8 Glorious Engines from Detroit Autorama 2018
The Detroit Autorama brings the latest automotive technologies and generous amounts of glamor to the Cobo Center every winter, right around the time when Midwest locals become stir crazy for spring. This year’s show did not disappoint, and it gave us the car fix we needed to make it through until driving season. Everything from traditional hot rods to pro-street builds with heavily polished engines and high-power claims scattered the showroom floor. Hundreds of vehicles were on display, but no one has time to read about every single one. Instead, we narrowed it down to eight of our favorites.
1. Unapologetic Forced Induction
This Porsche-red 1969 Camaro SS is one of several cars built by Brad Gray, owner of Blow Mafia, a name that’s known for stacking power-adders. Instead of being partial to superchargers, turbochargers or nitrous injection, Gary embraces all three, and then slathers the systems in chrome.
A 468 cid big-block powers the ‘69 SS. The engine is fed by twin 68mm turbos and a 14-71 supercharger tuned to 14 lbs of boost combined, and an extra 200-shot of Nitrous for an extra kick. The total horsepower is unknown. However, we think that Gray might just be on to something.
2. It’s Not Your Average Engine Swap
Clint Hillock of Sault St. Marie spent two winters building his 1933 Ford pickup from the ground, up. When it came to the engine, he took the unbeaten path away from the LS and small-block Chevy swaps. Instead, he opted for a hot rod powered by a screaming 5.9L Cummins diesel engine. (Oh, the magnificent resounding turbo spool!)
3. Nostalgic Stands for Style
Keith Maclntyre of Binbrooks Speed and Custom built this wild yet traditional 1927 Ford Model T and hasn’t had the heart to let it go. Who could blame him? The nostalgic 303 Olds Rocket V-8 is already admirable, but the six-deuce carburetors mounted on the cross-ram manifold are what complete the iconic hot rod look.
4. It’s All in the Curves
Tony Netzel didn’t want to build a mundane pro-street Camaro or Mustang. He wanted to create something that would stand out in the middle of a sea of show cars. The intricate, sharp lines and graceful curves of this 1961 Plymouth Belvedere caught his eye, and the rest is history. The car’s 440 is driven by twin turbos, which look stunning teamed with a pair of blow-through Holley carbs and two old school long-ram Mopar intake manifolds. Netzel states that the 440 is now a “tame” 496 cid that supports around 700hp.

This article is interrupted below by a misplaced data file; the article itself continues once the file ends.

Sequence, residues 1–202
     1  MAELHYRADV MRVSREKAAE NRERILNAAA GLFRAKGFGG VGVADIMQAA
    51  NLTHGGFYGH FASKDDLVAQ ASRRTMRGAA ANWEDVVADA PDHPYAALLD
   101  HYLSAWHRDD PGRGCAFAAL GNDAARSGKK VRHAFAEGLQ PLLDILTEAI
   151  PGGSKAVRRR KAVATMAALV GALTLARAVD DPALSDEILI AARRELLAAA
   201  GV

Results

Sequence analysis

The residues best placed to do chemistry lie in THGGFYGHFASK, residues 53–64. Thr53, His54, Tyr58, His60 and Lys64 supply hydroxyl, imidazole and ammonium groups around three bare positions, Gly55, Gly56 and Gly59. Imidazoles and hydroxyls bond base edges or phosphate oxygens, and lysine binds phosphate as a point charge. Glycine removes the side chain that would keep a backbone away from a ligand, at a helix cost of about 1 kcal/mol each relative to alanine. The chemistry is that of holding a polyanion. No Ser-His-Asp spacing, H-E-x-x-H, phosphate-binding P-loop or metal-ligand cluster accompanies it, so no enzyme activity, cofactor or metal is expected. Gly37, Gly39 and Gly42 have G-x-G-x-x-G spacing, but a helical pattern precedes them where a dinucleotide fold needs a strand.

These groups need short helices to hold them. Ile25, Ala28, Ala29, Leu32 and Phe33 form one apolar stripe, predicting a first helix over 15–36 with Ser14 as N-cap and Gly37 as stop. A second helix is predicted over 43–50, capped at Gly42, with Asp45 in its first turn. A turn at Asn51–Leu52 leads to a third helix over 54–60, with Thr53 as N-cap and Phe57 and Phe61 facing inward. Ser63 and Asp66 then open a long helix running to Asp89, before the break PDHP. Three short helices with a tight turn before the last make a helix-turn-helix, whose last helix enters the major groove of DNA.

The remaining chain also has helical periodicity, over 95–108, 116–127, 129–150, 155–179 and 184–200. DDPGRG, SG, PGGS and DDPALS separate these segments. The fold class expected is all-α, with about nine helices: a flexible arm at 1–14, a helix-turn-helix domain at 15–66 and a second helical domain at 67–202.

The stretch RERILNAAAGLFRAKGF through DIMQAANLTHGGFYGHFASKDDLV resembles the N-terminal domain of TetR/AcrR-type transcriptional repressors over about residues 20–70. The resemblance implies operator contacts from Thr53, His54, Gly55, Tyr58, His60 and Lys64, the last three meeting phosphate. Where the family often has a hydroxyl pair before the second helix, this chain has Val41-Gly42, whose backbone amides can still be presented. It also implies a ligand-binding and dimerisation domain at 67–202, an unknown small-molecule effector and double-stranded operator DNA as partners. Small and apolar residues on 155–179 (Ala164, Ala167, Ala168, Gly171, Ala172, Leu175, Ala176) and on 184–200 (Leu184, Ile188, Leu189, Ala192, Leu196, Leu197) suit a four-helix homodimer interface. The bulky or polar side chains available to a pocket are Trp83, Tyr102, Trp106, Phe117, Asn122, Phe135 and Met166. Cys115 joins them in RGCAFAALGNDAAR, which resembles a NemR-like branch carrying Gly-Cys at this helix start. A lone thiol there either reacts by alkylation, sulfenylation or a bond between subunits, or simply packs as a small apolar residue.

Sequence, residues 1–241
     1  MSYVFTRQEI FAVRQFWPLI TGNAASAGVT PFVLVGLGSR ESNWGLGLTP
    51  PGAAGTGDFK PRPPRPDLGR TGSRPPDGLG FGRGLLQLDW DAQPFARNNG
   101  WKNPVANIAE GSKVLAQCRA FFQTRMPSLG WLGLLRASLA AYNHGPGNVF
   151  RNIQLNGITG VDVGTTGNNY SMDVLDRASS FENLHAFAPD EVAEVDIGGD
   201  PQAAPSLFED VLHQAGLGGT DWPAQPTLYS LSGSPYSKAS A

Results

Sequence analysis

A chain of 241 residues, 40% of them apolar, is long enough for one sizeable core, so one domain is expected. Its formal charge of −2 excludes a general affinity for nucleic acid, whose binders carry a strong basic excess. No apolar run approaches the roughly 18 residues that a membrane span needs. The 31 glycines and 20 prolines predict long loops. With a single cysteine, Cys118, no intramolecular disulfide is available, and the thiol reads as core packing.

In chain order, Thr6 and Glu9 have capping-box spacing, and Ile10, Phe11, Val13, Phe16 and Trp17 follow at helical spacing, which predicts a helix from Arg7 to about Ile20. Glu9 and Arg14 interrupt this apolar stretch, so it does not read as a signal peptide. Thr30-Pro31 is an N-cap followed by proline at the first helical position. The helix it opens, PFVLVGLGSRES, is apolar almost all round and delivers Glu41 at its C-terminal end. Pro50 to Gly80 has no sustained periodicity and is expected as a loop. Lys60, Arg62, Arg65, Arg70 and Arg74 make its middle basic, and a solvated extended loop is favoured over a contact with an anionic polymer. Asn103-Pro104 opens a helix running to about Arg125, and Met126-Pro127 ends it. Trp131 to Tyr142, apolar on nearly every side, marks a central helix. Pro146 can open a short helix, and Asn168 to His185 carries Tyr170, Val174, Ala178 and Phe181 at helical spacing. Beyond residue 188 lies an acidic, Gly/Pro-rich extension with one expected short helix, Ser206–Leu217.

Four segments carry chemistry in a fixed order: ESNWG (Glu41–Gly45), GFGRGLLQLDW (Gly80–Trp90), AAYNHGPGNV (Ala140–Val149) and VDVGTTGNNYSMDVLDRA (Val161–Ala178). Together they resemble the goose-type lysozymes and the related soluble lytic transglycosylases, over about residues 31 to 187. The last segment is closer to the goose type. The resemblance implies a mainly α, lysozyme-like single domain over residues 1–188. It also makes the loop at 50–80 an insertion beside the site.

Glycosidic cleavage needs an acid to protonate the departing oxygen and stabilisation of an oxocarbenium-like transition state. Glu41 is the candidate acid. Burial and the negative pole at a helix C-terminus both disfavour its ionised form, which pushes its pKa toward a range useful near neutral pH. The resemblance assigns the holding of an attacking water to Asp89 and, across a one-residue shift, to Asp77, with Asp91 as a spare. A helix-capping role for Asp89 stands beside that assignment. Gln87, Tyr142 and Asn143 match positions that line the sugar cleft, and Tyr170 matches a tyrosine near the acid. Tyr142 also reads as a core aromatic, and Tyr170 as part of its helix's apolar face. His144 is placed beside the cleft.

5. Brought To You by the Letter “B”
This chromed-out 1967 Chevy Nova is powered by the letter “B,” for blown big-block, and Bob Tackett, the lucky owner.
The custom street machine is engulfed in wispy traditional hot rod flames, which brightly contrast with the black base.
6. When Two Worlds Collide
This non-biased Ford Model A represents the best of both worlds. Its frame was stretched by 7 inches for an optimal 110-inch wheelbase, which better balances the heavy 461 cid Chevy engine. Mounted atop the big-block is a hefty 8-71 series Weiand blower and Sanderson Zoomie headers. The color-matched valve covers and the ’34 Chevy grill and dash blend the marvelous mash up to perfection.
7. Built for Speed
Forget all of the fluff. The Speed Demon is claimed to be the world’s fastest wheel-driven car with a piston engine. The twin-turbo 6.0L small-block engine setup was chosen because it's compact enough to fit in a narrow chassis that was originally designed for a 4-banger.
Three injectors per cylinder quench its thirst while the machine jets out over 2,000hp. Sure, the engine only runs for a few minutes at a time, but the rush from reaching speeds of over 462 mph is the kind of feeling that no one forgets.
8. And the Winner Is…
The 2018 Detroit Autorama Ridler Award was given to this 1957 Chevy 150 Hardtop, owned by Greg and Judy Hrehovcsik and built by Johnny’s Auto Trim & Rod Shop in Alamosa, Colorado.
Its twin-turbo 515 cid Nelson racing engine is dressed to impress, but it’s not all about the looks. The high-class sleeper is capable of over 1,000hp on pump gas, or up to 1,800 with race gas.